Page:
Production of biorenewable styrene: utilization of biomass-derived sugars and insights into toxicity

  • Jieni Lian
  • Rebekah McKenna
  • Marjorie R. Rover
  • David R. Nielsen
  • Zhiyou Wen
  • Laura R. Jarboe
Bioenergy/Biofuels/Biochemicals

DOI: 10.1007/s10295-016-1734-x

Cite this article as:
Lian, J., McKenna, R., Rover, M.R. et al. J Ind Microbiol Biotechnol (2016) 43: 595. doi:10.1007/s10295-016-1734-x

Abstract

Fermentative production of styrene from glucose has been previously demonstrated in Escherichia coli. Here, we demonstrate the production of styrene from the sugars derived from lignocellulosic biomass depolymerized by fast pyrolysis. A previously engineered styrene-producing strain was further engineered for utilization of the anhydrosugar levoglucosan via expression of levoglucosan kinase. The resulting strain produced 240 ± 3 mg L−1 styrene from pure levoglucosan, similar to the 251 ± 3 mg L−1 produced from glucose. When provided at a concentration of 5 g L−1, pyrolytic sugars supported styrene production at titers similar to those from pure sugars, demonstrating the feasibility of producing this important industrial chemical from biomass-derived sugars. However, the toxicity of contaminant compounds in the biomass-derived sugars and styrene itself limit further gains in production. Styrene toxicity is generally believed to be due to membrane damage. Contrary to this prevailing wisdom, our quantitative assessment during challenge with up to 200 mg L−1 of exogenously provided styrene showed little change in membrane integrity; membrane disruption was observed only during styrene production. Membrane fluidity was also quantified during styrene production, but no changes were observed relative to the non-producing control strain. This observation that styrene production is much more damaging to the membrane integrity than challenge with exogenously supplied styrene provides insight into the mechanism of styrene toxicity and emphasizes the importance of verifying proposed toxicity mechanisms during production instead of relying upon results obtained during exogenous challenge.

Keywords

Levoglucosan kinase Membrane damage Laccase Biocatalyst inhibition Styrene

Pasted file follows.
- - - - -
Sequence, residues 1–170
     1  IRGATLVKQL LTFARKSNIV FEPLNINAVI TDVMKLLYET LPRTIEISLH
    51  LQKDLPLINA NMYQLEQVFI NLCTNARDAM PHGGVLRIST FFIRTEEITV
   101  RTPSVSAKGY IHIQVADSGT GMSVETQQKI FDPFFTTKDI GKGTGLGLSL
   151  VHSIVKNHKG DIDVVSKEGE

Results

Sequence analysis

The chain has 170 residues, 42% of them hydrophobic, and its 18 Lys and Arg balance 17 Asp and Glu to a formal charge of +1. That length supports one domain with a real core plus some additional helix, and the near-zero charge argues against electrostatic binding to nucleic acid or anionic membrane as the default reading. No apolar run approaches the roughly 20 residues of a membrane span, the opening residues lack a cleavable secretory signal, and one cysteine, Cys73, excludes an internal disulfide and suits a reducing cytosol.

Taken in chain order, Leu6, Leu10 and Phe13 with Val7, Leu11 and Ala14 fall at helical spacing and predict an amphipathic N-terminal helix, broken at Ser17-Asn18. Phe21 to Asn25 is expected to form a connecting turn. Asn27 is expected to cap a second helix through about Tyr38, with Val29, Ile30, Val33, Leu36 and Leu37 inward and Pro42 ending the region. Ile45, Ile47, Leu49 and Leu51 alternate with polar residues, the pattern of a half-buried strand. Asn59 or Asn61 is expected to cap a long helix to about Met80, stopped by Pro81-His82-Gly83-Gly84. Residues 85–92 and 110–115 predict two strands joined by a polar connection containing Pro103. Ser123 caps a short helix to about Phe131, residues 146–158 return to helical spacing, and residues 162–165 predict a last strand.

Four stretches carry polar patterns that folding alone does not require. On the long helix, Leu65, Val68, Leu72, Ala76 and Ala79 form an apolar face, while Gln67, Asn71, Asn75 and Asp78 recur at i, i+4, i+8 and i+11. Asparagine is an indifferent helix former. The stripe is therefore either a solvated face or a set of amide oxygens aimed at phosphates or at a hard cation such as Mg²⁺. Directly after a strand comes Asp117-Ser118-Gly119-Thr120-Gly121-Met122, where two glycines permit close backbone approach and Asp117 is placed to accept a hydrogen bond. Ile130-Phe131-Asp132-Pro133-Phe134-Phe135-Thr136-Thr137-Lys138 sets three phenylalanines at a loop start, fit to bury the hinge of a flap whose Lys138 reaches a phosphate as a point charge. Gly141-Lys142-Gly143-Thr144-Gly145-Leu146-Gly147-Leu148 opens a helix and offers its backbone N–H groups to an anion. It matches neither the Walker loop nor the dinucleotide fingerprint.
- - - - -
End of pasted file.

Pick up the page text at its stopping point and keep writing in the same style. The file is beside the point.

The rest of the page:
Abbreviations

USD

US dollar

PAL2

Phenylalanine ammonia lyase

FDC1

Ferulic acid decarboxylase

 LGK

Levoglucosan kinase

G6P

Glucose-6-phosphate

ATP

Adenosine triphosphate

ATCC

American Type Culture Collection

Km

Michaelis constant of enzyme kinetics

Ex

Wavelength for excitation

Em

Wavelength for emission

IPTG

Isopropyl β-d-1-thiogalactopyranoside

MM1

Phosphate-limited minimal media

LB

Lysogeny broth

Amp

Ampicillin

Cm

Chloramphenicol

PBS

Phosphate-buffered saline

DPH

1,6-Diphenyl-1,3,5-hexatriene

Funding information

Funder NameGrant NumberFunding Note
Iowa State University
    Iowa State University Bioeconomy Institute
      Iowa Energy Center
      • 12-06

      Copyright information

      © Society for Industrial Microbiology and Biotechnology 2016

      Authors and Affiliations

      • Jieni Lian
        • 1
      • Rebekah McKenna
        • 2
      • Marjorie R. Rover
        • 1
      • David R. Nielsen
        • 2
      • Zhiyou Wen
        • 3
      • Laura R. Jarboe
        • 4
      1. 1.Bioeconomy InstituteIowa State UniversityAmesUSA
      2. 2.Chemical Engineering, School for Engineering of Matter, Transport, and EnergyArizona State UniversityPhoenixUSA
      3. 3.Department of Food Science and Human NutritionIowa State UniversityAmesUSA
      4. 4.Department of Chemical and Biological EngineeringIowa State UniversityAmesUSA

      Personalised recommendations